~The atonement of our Lord and Savior, Jesus Christ. I know that the Savior of the world died for me and because of Him and what He did, I can become perfectly spotless again. I know that it is only through His mercy and grace that I am saved, and I will be eternally grateful and eternally indebted to Him for it. He is the reason for life, the light that infuses all things and which fills my soul with life. Because of Him, I not only am but can continue and can find perfect joy. I can never express my thanks enough for what He did for me, and I will serve Him eternally because of it.

I love you all, and I will write next from the great country of Slovenia. I pray for you every day and every night, and know that God knows you and loves you and will care for you all in my absence.

With all my love,

Sestra Ary

Monday, November 21, 2011

Knocking on doors, teaching about Christ and actually READING the scriptures


I had just written most of this email when mysteriously it disappeared. I don't know what happened to it. I can't seem to retrieve it anywhere and the trash folder doesn't have it at all. Unfortunately, because of that little glitch, now I don't have as much time to write, but I will endeavor to do my best.

We were able to find five new investigators this week. Four of them are a family which we met by knocking on doors my first day here and we were finally able to have a meeting with them. The 13-year-old daughter knows several of the girls in the Young Women's group at church because they are on her soccer team. It is really exciting to be teaching them and things seemed to go very well. We taught them about the nature of God, and told them that they should pray every night as a family. We also invited them to church but they weren't able to come.

In fact, no one was able to come to church this week, even though one of the families we teach had been assuring us for 2 weeks that they were going to come this Sunday. It was really disappointing to have no investigators show up again. I don't know exactly why it is so hard for people to come to church, but to help remedy this we are taking two of our investigator sets (one is a man and his wife, and the other is a family of five) on tours of the church building over the next couple of days. We want them to feel the spirit that is there, to know how to get there, and to understand how everything works so it is not so intimidating to come. We had the opportunity to have a really good meeting with the family who was going to come to church but then didn't. We stopped by their apartment to see what had happened, and it turned out that they had gone to a race for their 10-year-old daughter and it had been such a big ordeal that it took a lot longer than they had anticipated for it to finish. But we were then able to watch The Testaments with them and it went beautifully.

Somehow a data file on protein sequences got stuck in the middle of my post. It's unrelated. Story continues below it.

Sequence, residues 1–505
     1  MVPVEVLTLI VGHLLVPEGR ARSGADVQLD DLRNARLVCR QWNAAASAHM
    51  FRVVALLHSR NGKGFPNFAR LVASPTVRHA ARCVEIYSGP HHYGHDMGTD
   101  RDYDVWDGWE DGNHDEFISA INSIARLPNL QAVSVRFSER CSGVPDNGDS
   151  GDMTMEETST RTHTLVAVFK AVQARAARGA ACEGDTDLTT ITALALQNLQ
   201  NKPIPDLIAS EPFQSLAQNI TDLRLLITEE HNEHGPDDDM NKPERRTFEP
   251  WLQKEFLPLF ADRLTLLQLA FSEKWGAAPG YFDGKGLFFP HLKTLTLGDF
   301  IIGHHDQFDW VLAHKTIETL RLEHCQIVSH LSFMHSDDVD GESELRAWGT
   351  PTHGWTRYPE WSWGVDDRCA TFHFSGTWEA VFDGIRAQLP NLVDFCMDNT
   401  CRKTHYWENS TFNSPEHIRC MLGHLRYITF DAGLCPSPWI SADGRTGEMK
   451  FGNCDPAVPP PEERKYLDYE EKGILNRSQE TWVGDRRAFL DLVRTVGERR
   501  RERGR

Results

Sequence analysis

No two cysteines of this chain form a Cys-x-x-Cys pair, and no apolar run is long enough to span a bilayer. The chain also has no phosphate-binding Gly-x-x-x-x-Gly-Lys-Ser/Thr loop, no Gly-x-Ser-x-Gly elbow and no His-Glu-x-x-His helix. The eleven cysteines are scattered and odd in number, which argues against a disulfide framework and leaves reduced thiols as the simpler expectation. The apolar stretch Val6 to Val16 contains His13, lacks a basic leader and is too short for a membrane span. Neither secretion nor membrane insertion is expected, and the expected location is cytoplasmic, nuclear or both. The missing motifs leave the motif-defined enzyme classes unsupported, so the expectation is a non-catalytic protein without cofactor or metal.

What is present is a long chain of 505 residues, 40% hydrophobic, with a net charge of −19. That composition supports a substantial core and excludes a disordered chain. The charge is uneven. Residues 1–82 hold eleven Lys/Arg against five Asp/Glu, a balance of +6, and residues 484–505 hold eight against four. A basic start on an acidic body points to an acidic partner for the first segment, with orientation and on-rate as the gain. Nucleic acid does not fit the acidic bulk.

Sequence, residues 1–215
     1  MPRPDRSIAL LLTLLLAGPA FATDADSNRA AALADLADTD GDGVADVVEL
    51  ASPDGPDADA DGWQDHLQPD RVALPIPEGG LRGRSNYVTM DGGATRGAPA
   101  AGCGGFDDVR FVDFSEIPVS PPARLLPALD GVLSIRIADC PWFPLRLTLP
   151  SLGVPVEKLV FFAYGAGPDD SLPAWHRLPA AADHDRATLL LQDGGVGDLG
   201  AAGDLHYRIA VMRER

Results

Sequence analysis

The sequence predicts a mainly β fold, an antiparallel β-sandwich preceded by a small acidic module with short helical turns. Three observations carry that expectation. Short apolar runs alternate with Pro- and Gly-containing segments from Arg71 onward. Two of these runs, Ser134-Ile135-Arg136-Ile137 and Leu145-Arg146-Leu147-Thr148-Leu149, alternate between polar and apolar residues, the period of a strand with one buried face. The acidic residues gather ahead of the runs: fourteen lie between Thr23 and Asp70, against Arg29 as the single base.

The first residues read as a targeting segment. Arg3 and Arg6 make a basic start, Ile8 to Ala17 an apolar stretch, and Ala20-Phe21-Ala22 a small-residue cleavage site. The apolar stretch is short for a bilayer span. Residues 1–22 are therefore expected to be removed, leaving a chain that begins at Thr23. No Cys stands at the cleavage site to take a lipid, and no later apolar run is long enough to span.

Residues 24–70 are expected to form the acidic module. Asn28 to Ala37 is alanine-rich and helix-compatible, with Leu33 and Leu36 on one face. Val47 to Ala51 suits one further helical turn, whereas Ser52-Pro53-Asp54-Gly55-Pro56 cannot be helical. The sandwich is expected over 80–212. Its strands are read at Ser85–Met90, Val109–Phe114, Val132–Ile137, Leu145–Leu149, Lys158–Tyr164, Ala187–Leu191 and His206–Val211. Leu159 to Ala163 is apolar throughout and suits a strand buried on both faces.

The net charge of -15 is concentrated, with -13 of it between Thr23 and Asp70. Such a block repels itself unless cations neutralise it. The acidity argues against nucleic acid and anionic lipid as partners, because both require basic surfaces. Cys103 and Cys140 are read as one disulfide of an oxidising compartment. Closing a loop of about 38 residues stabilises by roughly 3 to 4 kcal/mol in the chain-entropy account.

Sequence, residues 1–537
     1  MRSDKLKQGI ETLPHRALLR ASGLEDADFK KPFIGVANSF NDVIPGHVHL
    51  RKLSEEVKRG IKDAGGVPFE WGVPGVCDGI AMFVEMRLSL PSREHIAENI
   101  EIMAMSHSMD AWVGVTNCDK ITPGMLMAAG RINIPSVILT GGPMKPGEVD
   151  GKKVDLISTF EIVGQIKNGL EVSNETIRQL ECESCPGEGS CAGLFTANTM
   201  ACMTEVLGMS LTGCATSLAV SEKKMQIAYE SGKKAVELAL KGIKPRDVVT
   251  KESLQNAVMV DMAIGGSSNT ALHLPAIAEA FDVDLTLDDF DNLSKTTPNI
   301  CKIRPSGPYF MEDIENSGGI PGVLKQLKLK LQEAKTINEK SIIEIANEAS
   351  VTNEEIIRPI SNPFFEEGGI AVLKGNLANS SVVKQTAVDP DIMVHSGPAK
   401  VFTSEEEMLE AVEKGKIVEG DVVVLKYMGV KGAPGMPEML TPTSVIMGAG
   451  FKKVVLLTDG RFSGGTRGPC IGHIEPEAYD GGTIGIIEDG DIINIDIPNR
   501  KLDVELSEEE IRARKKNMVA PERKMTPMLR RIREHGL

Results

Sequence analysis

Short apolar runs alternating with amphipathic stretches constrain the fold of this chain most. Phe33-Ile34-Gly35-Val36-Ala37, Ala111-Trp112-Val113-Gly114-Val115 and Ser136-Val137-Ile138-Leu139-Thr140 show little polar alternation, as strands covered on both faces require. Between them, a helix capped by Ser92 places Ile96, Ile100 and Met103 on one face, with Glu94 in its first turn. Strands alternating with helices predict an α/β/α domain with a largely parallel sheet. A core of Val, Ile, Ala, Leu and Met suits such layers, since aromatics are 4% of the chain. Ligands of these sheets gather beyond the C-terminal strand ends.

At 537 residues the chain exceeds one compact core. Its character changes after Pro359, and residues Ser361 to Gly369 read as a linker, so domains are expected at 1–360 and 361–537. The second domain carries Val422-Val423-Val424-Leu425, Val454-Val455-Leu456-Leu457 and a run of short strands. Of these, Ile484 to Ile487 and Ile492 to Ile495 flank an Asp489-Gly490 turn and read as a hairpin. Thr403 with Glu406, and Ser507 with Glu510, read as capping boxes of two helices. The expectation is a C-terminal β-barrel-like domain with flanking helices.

I really think they felt the spirit. Toward the end the mother was crying and she said she felt sad but she felt happy at the same time--she couldn't really explain it. Even the younger children became quiet when Christ descended. It was so cool. The Mother is going to watch it with her husband in Spanish soon so he can share in the spirit. We are hoping this will be a good set-up for tomorrow when we have our next appointment with them. We will take them on a church tour and will show them that this is what the restored gospel of Jesus Christ looks like.

We also have a new investigator who has investigated the church in the past. She is from Pakistan and is the only Christian in her Muslim family. She fell and damaged her hip, shoulder, and knee yesterday when we were going over to help her with her 95-year-old mother. We are praying she will get better soon and that she will have the willing heart necessary to read the Book of Mormon. We also pray she will make it a priority to know if the things in the book are true.

There is nothing at all we can say or do which will convince people that the things we are telling them are the truth until they undertake the necessary action of reading and praying. But when someone does do this with real intent, willing to act on the things they have heard and been taught, they will receive a confirmation and everything changes. SO it sort of just comes down to getting people to read. That is probably the most difficult thing we do. I am not quite certain why that is.

We went to into the Washington, D.C. for our P-day today. It was awesome. I got a lot of pictures but now I just have to figure out how the send them.

I love you all!
Sister Ary

Monday, November 14, 2011